| Quote #10
Cancel his bond of life, dear God, I plead,
There's plenty of evidence to suggest that everything that happens in the play is fated. More specifically, the play suggests that events unfold according to divine providence. When Queen Margaret calls on God's divine justice to punish Richard for all of his terrible deeds, the play suggests that Richard's grab for the throne and his fall from power have been predetermined by God.
| Quote #11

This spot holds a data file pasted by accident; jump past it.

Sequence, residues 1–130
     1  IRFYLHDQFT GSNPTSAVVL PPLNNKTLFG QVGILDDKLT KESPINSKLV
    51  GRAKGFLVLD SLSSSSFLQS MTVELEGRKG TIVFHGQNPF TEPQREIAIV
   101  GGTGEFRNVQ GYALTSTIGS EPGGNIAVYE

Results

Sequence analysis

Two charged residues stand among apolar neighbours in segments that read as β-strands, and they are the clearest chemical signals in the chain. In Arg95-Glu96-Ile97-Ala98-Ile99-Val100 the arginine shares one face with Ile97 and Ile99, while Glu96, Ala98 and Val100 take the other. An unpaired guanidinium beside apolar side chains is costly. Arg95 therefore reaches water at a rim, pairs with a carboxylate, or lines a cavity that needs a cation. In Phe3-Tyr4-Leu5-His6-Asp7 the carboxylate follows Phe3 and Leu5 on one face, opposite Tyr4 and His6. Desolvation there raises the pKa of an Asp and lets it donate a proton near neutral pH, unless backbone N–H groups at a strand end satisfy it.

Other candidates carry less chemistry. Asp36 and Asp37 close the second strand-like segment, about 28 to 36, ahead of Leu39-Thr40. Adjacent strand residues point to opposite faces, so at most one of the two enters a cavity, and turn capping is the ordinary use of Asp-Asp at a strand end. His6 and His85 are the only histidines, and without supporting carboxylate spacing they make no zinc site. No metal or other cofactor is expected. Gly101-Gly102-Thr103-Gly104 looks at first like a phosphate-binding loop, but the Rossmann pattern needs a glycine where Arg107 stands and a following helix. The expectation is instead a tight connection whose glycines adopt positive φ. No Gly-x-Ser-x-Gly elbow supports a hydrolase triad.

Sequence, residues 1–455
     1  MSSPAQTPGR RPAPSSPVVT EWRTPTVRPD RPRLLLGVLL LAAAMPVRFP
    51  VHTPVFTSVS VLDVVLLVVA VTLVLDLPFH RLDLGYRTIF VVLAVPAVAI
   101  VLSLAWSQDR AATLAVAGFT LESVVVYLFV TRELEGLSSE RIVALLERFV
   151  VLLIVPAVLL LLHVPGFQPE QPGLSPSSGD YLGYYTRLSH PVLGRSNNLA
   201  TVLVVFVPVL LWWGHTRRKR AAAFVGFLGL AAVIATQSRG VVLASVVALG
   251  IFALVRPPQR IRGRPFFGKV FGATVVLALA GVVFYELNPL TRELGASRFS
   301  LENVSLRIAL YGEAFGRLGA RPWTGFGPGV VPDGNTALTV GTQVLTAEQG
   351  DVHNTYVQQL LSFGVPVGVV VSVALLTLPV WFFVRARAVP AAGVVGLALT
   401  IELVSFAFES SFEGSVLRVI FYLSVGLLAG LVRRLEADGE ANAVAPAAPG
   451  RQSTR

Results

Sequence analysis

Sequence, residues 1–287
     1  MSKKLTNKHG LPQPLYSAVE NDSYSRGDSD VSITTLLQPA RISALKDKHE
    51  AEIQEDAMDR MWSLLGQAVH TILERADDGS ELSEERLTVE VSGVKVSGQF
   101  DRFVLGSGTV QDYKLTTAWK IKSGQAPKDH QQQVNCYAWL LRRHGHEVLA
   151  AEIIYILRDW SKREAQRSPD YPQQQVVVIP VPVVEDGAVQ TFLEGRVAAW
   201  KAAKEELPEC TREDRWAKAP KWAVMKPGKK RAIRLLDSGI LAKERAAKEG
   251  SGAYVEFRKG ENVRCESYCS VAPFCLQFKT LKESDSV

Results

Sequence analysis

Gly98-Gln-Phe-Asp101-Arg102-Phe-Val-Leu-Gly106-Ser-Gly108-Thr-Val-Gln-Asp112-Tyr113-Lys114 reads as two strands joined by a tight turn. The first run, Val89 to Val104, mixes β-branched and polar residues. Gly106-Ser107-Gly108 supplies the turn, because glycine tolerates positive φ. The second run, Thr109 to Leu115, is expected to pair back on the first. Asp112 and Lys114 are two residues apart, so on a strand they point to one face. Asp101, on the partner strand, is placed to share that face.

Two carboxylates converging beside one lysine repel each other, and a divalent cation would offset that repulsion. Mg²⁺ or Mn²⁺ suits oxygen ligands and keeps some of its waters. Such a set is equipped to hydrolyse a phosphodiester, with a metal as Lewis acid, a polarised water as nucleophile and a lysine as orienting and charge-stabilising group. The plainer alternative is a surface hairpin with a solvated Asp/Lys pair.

O now let Richmond and Elizabeth,
According to the newly crowned King Henry VII, his ascension to the throne is all part of a God's plan. (Lots of English kings went around saying they were divinely appointed to the throne.) So does that mean that Richard's rise and fall were also part of God's master plan? If so, does this excuse his behavior?